VMware, a software company focused on virtualization and cloud computing, recently faced a classic dilemma that many companies, especially technology-based companies, have encountered. The business model was to develop and sell software packages. These packages were created and sold as products -- traditional product development processes were applied, the portfolio was comprised of 60+ separate products that were sold separately, and the marketing programs and messages were designed to support each of the product categories independently. The reason for this approach can be traced back to its historic roots -- it started out as a single-product company. Through new technology developments, plus a succession of acquisitions, the company quickly expanded its portfolio with no shift in its go-to-market or sales strategy. In effect, VMware was doing what many software companies have always done -- focused on developing a broad portfolio of differentiated products, and then incenting the sales force to go out and sell licenses for all of them.
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Entries in solution selling (4)
B2B companies committed to selling high value solutions often struggle where the rubber meets the road: the individual customer or prospect. Their websites highlight "solutions" and marketers pump out collateral that talks about their customers' business problem, but they have a much tougher time persuading specific customers that they are truly focused on delivering tailored solutions for their unique situations and challenges. The unfortunate reality is that generic "solutions" often need a fair degree of customization if they are going to deliver substantial business value to different customers even in the same industries.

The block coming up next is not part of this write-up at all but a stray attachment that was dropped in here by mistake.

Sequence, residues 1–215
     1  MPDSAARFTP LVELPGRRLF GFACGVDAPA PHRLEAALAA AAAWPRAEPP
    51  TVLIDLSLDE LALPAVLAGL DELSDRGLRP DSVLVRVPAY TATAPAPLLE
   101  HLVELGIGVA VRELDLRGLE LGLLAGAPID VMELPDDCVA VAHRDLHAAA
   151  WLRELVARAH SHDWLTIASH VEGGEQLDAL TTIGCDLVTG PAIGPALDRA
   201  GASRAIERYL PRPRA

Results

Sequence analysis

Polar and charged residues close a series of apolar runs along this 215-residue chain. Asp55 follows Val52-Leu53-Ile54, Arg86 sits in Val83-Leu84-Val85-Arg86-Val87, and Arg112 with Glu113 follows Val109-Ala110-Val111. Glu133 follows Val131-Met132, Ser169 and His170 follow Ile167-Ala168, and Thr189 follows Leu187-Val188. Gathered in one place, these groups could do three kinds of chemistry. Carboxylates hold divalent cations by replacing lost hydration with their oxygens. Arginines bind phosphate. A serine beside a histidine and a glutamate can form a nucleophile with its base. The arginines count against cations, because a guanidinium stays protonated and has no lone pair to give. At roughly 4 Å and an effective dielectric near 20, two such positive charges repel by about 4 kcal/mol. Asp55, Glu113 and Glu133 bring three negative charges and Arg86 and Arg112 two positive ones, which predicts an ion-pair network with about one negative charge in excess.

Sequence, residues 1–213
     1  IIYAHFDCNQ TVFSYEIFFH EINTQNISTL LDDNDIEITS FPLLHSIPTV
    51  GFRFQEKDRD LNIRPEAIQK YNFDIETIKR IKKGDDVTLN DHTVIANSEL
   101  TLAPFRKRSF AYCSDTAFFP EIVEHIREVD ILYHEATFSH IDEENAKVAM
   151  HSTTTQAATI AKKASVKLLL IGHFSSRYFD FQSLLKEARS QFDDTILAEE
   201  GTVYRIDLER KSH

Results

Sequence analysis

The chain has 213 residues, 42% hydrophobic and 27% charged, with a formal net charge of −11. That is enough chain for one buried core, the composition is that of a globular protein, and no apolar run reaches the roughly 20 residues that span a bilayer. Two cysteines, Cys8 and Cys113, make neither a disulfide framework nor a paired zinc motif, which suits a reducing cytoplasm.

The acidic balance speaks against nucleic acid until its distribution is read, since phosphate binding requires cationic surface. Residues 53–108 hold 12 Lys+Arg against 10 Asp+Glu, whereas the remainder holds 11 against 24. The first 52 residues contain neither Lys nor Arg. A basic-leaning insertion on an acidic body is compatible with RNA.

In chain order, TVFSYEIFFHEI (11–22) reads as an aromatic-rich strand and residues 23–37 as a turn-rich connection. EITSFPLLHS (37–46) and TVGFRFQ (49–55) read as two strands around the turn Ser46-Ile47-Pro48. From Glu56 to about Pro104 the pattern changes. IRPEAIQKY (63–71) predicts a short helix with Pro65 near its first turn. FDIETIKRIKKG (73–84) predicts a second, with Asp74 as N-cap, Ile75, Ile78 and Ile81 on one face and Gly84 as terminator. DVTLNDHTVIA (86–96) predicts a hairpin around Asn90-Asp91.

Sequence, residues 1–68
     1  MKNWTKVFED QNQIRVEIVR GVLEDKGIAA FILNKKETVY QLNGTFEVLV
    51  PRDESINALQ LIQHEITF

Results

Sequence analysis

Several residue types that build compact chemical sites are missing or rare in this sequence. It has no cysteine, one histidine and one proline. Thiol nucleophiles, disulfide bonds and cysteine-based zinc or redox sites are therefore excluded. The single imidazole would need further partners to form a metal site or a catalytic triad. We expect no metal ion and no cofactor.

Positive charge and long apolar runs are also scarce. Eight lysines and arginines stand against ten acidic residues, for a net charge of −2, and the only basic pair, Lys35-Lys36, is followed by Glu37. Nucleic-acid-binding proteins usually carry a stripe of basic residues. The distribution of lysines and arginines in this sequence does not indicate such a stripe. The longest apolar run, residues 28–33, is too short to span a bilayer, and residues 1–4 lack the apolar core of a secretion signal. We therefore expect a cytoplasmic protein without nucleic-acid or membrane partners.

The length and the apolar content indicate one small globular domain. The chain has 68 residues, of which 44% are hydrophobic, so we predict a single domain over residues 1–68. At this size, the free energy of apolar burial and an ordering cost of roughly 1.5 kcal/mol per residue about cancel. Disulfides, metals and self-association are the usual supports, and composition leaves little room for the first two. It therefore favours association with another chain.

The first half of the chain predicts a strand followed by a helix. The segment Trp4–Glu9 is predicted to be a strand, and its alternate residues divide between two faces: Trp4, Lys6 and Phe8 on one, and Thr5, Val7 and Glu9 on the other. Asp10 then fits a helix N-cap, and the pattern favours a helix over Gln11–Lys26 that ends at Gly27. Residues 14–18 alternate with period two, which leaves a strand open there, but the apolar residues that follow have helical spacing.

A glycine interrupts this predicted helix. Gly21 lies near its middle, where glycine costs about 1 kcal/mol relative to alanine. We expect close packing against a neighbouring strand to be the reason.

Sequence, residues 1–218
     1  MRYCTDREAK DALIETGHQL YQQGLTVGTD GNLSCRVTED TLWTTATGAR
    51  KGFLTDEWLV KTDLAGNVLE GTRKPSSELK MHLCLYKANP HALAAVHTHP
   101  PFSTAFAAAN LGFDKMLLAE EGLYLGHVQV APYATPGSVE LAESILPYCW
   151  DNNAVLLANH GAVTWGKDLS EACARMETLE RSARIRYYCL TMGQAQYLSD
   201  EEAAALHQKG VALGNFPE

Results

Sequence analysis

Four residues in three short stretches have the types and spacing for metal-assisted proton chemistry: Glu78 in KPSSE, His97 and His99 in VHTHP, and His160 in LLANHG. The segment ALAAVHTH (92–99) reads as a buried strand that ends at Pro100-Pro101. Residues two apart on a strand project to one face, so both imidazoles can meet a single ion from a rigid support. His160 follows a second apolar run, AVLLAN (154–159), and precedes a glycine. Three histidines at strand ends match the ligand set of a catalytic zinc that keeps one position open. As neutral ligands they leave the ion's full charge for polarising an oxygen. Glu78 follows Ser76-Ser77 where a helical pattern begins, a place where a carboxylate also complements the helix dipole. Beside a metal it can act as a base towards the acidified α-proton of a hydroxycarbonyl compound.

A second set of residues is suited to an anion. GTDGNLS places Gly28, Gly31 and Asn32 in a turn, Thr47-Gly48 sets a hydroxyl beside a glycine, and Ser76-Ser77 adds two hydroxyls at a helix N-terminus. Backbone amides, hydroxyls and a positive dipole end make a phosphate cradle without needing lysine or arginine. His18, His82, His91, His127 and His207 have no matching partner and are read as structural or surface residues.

While the main idea of “provocation-based selling” may not be so new, Geoffrey Moore’s recent article has certainly provoked some useful thinking here at Solutions Insights. Steve Hurley has already presented our general perspective that the differences between Moore’s “new” idea and the longstanding tenets of solutions selling are actually minimal at best. Indeed, we have always believed (and taught) that good solutions selling requires just the type of deep customer insight, strong point of view, and executive-level engagement that Moore, et al, claim are the key ingredients of the new approach.
I don't know how many millions B2B companies have invested in "solution selling" programs, but it's an enormous number -- and of course Solutions Insights will happily help your sales team do a better job in this area, too.
But I really wonder if the whole idea of "selling solutions" is a contradiction in terms.